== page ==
Nation fighting company’s efforts to revive twice-rejected mine
Vancouver, BC (Coast Salish Territory): January 30, 2017: The Tsilhqot’in Nation is in Federal Court in Vancouver this week to oppose an attempt by Taseko Mines Limited (TSX:TKO) (TML) to overturn the scathing 2014 federal rejection of TML’s proposed New Prosperity Mine. In 2010 TML’s initially proposed Prosperity Mine was also rejected. TML’s proposal is for an open pit copper-gold mine where Tsilhqot’in have proven Aboriginal Rights and very near the Tsilhqot’in Declared Title Lands.
The TML case includes a constitutional challenge to the Canadian Environmental Assessment Act, 2012. It argues that CEAA 2012 goes too far in protecting the interests of Aboriginal peoples and that those protections should be struck down by the courts. In essence, the company is attempting to further reduce the protection of our already gutted federal environmental laws, particularly as they apply to Aboriginal people.
Indigenous rights and Aboriginal title are representative in Tsilhqot'in vs. Taseko Mines. Incredibly, TML is also urgently seeking permits from the BC Ministry of Energy and Mines for a major drilling and exploration program to support construction of the twice rejected project.
“TML’s permit application ignores all findings against the proposed mine; it is an insult to Tsilhqot’in and the rule of law” said Xeni Gwet’in Chief Roger William, who was the plaintiff in the historic 2014 ‘Tsilhqot’in Nation’ Supreme Court decision.
TML’s actions come at a time when the mining industry appears to be interested in seeking a new way forward with First Nations. Rather than help this effort, the Tsilhqot’in warn the company is creating a black eye for the industry.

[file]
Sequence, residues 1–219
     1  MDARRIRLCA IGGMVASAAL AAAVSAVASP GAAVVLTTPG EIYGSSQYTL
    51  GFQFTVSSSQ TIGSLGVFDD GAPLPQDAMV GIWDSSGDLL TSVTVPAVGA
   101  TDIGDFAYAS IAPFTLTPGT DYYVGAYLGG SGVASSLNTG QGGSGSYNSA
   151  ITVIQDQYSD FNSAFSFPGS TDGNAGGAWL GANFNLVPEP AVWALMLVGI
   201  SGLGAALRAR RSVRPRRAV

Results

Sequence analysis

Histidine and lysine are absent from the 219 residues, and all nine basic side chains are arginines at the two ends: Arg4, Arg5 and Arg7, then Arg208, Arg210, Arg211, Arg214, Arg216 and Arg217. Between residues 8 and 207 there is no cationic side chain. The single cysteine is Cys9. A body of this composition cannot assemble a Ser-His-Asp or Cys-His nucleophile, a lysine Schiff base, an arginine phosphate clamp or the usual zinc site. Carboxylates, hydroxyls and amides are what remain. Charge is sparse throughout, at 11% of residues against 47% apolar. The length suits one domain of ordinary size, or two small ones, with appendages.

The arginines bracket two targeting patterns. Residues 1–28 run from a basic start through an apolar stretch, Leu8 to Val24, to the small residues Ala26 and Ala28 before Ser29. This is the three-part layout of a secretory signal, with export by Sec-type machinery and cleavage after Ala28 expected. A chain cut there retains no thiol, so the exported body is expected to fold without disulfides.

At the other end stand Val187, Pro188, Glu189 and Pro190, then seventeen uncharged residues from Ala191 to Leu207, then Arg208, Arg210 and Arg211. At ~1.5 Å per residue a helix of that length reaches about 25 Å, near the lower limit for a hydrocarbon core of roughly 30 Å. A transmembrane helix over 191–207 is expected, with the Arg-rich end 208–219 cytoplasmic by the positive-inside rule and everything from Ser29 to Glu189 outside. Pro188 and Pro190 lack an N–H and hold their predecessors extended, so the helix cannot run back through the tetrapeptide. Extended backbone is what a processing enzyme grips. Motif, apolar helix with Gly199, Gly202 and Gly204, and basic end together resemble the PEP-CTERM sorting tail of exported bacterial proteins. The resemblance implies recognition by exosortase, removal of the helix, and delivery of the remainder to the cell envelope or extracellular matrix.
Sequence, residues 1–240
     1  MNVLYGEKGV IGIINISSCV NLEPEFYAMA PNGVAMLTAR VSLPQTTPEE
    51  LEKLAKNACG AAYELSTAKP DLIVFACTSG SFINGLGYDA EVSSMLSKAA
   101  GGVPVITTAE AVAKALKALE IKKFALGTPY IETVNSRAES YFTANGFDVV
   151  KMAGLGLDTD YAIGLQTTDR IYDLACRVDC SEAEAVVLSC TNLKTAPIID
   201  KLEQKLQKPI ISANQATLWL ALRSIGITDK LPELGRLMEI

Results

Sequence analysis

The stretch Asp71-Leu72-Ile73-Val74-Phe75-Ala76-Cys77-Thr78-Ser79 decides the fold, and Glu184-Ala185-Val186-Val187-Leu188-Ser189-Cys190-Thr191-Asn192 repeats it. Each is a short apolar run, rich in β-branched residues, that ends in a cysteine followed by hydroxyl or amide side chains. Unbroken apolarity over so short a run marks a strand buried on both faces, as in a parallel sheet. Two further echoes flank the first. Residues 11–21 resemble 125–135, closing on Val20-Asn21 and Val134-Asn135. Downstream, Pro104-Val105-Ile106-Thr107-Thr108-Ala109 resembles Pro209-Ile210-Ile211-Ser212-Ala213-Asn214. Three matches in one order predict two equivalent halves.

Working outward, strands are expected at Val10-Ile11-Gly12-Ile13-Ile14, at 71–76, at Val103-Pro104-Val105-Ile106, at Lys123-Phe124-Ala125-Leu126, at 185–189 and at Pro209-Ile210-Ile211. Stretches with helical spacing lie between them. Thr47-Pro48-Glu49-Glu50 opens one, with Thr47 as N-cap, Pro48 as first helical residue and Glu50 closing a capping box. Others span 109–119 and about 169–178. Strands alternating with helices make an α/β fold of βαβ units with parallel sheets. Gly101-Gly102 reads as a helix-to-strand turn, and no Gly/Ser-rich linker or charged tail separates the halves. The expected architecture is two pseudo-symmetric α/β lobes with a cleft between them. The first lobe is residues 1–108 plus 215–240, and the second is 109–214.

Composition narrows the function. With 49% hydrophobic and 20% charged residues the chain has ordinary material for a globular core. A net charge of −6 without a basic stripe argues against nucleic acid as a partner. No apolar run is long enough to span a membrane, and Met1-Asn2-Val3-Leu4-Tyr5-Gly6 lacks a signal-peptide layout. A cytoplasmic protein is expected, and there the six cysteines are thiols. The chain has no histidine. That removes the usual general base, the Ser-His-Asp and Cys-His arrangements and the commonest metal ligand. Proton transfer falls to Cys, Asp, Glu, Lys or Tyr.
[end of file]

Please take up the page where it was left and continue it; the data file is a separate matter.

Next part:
The court case begins this morning at the Federal Court building at 701 West Georgia Street. The Tsilhqot’in Nation is co-hosting fundraisers to support its court costs on Tuesday January 31 at 7pm at Wise Hall, 1882 Adanac Street in Vancouver; and on Wednesday February 1 at 7pm at St. John the Divine Church, 1611 Quadra Street in Victoria.
Chief Roger William, Chief of the Xeni Gwet’in First Nation and Vice-Chair of the Tsilhqot’in National Government, said, “Our people have fought long and hard to protect our land and waters. We will continue to fulfill this sacred responsibility. We draw on our 1989 Nemiah Aboriginal Preserve Declaration and our 1990 Xeni Gwet’in trap line court case that evolved into our landmark Supreme Court title declaration. After two federal rejections this company still tries to bulldoze ahead and cause destruction in our Territory. For the past decade we have opposed TML in the strongest terms and it is time they finally understand our position – simply stated, we do not consent.”
Chief Russell Myers Ross, Chief of Yunesit’in and Director of the Tsilhqot’in National Government, said. “In my opinion, TML has never shown honour or respect to the Tsilhqot'in Nation, and the current attempt to enter the Territory for a drilling program while the proposal has been rejected is an example of how unethically the company behaves. It is time to put this project to rest, permanently. Teztan Biny (Fish Lake) is a significant cultural area and in the headwaters of one of the most diverse ecosystems in Canada. The reason for developing Nexwagwez7an, the Dasiqox Tribal Park, is to give life to our value system and vision for the land - a contrast to TML that seeks to disturb the natural rhythm of life.”
Grand Chief Stewart Phillip, President of the Union of BC Indian Chiefs, said, “The Union of BC Indian Chiefs is proud to continue standing beside the Tsilhqot’in Nation as they protect and defend their beautiful lands, sacred waters and Indigenous way of life. This is an arrogant and unrepentant company that has not learned its lesson, despite not one but two scathing federal rejections by the Harper Government, the most pro-industry and anti-First Nation government in memory. We will continue to completely support the Tsilhqot’in as they do what it takes to lay this this wretched, destructive and highly offensive mine proposal to rest, once and for all.”